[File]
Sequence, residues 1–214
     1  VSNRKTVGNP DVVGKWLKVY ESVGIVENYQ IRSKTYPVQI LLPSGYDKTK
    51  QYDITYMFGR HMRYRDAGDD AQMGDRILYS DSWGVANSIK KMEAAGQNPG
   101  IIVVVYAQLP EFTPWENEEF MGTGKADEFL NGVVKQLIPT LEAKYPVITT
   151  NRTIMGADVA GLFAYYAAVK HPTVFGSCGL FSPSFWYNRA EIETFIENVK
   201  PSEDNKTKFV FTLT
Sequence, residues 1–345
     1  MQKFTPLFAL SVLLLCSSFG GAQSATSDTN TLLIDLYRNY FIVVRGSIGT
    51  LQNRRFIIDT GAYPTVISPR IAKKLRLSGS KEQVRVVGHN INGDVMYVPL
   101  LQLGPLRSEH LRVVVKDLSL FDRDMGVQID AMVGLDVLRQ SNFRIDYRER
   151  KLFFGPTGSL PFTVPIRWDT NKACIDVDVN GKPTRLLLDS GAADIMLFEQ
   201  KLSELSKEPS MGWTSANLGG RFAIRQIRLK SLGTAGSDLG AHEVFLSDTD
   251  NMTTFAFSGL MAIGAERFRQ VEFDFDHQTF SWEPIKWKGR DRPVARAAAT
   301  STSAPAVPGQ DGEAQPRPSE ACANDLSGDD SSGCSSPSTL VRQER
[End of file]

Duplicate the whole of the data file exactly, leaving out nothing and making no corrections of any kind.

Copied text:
Sequence, residues 1–214
     1  VSNRKTVGNP DVVGKWLKVY ESVGIVENYQ IRSKTYPVQI LLPSGYDKTK
    51  QYDITYMFGR HMRYRDAGDD AQMGDRILYS DSWGVANSIK KMEAAGQNPG
   101  IIVVVYAQLP EFTPWENEEF MGTGKADEFL NGVVKQLIPT LEAKYPVITT
   151  NRTIMGADVA GLFAYYAAVK HPTVFGSCGL FSPSFWYNRA EIETFIENVK
   201  PSEDNKTKFV FTLT
Sequence, residues 1–345
     1  MQKFTPLFAL SVLLLCSSFG GAQSATSDTN TLLIDLYRNY FIVVRGSIGT
    51  LQNRRFIIDT GAYPTVISPR IAKKLRLSGS KEQVRVVGHN INGDVMYVPL
   101  LQLGPLRSEH LRVVVKDLSL FDRDMGVQID AMVGLDVLRQ SNFRIDYRER
   151  KLFFGPTGSL PFTVPIRWDT NKACIDVDVN GKPTRLLLDS GAADIMLFEQ
   201  KLSELSKEPS MGWTSANLGG RFAIRQIRLK SLGTAGSDLG AHEVFLSDTD
   251  NMTTFAFSGL MAIGAERFRQ VEFDFDHQTF SWEPIKWKGR DRPVARAAAT
   301  STSAPAVPGQ DGEAQPRPSE ACANDLSGDD SSGCSSPSTL VRQER